The current Astronomer Royal, Lord Rees, has said the situation is a result of poor management and poor planning, adding that British science has been "damaged by this ineptitude". Sir Bernard Lovell commented: "It would be a disaster to sacrifice even a part of Jodrell Bank."

The younger generation of astronomers, who are the future of the subject and the hardest hit in the cutbacks, have reacted in their own way. Support groups have appeared on Facebook, a website has been set up called "Fight UK Underinvestment in Solar Terrestrial Facilities and Capabilities" – FUK U STFC, for short. The Jodrell Bank telescope was for a while even offered for sale on eBay. Bidding reached a handsome £7.32.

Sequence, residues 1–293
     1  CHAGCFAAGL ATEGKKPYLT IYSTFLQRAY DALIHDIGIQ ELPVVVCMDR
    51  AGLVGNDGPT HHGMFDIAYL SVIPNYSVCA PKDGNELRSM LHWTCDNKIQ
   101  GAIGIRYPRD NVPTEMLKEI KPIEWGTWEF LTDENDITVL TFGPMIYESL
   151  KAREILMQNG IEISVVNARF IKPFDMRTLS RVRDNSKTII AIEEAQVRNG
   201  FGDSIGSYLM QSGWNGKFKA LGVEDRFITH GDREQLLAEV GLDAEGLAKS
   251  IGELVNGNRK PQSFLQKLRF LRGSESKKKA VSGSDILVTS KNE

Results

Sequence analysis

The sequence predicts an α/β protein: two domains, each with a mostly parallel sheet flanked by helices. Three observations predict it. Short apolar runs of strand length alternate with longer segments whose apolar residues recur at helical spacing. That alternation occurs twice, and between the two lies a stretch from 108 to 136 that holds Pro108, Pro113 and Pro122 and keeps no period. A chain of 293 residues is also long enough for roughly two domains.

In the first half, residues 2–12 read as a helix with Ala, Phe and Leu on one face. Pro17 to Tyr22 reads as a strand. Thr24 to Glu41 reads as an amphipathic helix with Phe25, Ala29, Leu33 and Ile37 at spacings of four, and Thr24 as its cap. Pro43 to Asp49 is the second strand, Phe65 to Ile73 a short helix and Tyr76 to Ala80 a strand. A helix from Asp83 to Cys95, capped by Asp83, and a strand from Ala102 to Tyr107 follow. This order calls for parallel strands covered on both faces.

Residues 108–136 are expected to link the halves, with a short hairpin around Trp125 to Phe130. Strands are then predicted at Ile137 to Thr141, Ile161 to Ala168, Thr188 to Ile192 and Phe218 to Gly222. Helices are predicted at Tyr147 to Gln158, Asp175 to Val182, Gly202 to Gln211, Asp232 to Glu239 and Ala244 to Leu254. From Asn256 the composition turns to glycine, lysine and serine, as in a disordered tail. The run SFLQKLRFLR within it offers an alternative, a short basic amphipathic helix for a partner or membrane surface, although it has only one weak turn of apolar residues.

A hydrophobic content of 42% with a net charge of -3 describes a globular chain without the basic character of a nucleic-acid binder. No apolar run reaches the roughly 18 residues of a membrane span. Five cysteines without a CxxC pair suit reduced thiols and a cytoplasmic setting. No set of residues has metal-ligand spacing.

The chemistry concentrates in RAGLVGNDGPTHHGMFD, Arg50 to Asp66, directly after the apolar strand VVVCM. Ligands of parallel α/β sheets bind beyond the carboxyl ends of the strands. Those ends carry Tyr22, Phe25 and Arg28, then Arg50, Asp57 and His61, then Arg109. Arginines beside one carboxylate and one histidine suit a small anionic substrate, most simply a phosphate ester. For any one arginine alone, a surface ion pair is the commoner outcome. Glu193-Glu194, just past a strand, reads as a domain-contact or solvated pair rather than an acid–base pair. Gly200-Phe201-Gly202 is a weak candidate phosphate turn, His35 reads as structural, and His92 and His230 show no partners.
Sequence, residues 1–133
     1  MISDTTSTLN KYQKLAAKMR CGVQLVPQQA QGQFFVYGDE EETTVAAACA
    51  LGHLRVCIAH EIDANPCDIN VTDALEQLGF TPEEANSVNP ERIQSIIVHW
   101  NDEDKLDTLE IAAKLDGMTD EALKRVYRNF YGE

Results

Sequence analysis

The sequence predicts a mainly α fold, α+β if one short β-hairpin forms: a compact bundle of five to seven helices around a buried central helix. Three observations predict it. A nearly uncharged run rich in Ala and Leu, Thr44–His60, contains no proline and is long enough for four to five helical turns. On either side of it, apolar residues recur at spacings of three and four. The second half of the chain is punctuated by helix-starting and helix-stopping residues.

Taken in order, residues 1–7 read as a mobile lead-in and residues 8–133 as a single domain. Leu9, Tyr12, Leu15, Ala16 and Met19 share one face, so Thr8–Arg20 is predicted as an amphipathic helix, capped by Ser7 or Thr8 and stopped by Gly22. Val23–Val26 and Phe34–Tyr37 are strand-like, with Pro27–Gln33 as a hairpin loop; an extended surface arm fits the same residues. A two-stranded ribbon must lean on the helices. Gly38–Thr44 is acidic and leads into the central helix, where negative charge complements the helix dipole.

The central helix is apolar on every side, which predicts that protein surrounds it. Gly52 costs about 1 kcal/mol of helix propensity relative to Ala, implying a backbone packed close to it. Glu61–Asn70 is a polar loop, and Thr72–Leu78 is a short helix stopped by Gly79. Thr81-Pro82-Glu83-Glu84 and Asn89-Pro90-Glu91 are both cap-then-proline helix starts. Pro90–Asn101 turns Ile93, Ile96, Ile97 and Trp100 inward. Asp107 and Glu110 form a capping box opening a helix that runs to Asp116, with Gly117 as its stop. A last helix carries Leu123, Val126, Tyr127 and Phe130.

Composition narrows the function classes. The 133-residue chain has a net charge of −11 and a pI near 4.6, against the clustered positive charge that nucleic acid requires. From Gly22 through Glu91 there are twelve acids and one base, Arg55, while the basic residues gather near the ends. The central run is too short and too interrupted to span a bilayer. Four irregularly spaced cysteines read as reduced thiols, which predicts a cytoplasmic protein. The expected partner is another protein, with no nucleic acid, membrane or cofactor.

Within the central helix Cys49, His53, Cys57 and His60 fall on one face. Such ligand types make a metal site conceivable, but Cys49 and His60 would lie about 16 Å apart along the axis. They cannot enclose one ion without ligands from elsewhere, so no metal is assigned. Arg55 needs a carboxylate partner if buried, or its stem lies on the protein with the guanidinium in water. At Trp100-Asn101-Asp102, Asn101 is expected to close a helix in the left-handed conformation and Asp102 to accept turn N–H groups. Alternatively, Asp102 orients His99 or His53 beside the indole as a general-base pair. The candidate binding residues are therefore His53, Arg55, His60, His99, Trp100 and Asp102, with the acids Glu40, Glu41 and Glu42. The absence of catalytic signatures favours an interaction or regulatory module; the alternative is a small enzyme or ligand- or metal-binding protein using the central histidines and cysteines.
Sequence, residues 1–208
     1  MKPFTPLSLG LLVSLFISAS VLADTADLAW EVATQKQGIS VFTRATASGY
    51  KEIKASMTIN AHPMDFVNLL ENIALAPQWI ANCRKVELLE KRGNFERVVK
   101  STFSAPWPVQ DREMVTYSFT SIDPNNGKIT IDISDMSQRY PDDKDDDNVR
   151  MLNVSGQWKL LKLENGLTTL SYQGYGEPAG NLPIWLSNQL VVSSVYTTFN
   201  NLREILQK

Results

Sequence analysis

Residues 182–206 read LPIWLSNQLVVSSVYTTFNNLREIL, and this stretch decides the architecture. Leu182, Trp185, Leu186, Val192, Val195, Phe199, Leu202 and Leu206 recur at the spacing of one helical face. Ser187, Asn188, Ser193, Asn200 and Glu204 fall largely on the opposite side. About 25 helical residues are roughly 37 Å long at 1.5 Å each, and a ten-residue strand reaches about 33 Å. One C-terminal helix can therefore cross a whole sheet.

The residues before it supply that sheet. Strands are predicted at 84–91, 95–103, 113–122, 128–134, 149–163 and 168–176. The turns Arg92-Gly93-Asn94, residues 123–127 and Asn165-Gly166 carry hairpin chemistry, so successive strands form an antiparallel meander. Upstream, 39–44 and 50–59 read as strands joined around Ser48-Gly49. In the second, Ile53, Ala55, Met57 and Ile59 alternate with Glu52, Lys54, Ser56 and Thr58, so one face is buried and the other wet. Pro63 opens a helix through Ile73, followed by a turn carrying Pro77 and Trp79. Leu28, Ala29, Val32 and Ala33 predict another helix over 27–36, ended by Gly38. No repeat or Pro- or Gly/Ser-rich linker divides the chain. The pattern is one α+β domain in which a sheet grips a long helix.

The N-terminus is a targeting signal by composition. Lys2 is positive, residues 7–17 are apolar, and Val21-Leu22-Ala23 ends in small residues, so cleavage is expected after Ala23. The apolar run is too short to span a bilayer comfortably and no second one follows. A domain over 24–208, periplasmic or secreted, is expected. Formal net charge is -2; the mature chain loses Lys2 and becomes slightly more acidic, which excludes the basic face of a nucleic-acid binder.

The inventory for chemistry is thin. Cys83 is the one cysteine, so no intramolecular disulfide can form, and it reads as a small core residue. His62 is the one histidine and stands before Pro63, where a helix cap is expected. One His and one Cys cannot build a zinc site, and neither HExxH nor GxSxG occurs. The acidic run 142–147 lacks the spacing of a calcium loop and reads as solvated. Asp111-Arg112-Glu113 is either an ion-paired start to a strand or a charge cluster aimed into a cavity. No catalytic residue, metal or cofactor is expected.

One should have some sympathy for Professor Mason and the STFC. As he pointed out to a hostile meeting in a lecture hall in Belfast recently, change is difficult. If we want the best science we must make hard decisions and cannot do everything we once did; the old must make way for the new and that sometimes hurts. He added that the astronomers must make their own case for funding.

And that set some of them wondering, how exactly do we make our case?

Professor Paul Crowther of Sheffield University runs a website that monitors the current funding crisis. "How do we do it?" he asks. "We put our case to the STFC, and they put it to the Government and the answer has been the betrayal of pure science."

Without a doubt, astronomy is one of our nation's intellectual gems, a science in which our heritage is unrivalled. It has blossomed since the days of the first astronomer royal, John Flamsteed, although he was given the practical task by Charles II not to explore the heavens, but to solve the more immediate problem of determining longitude.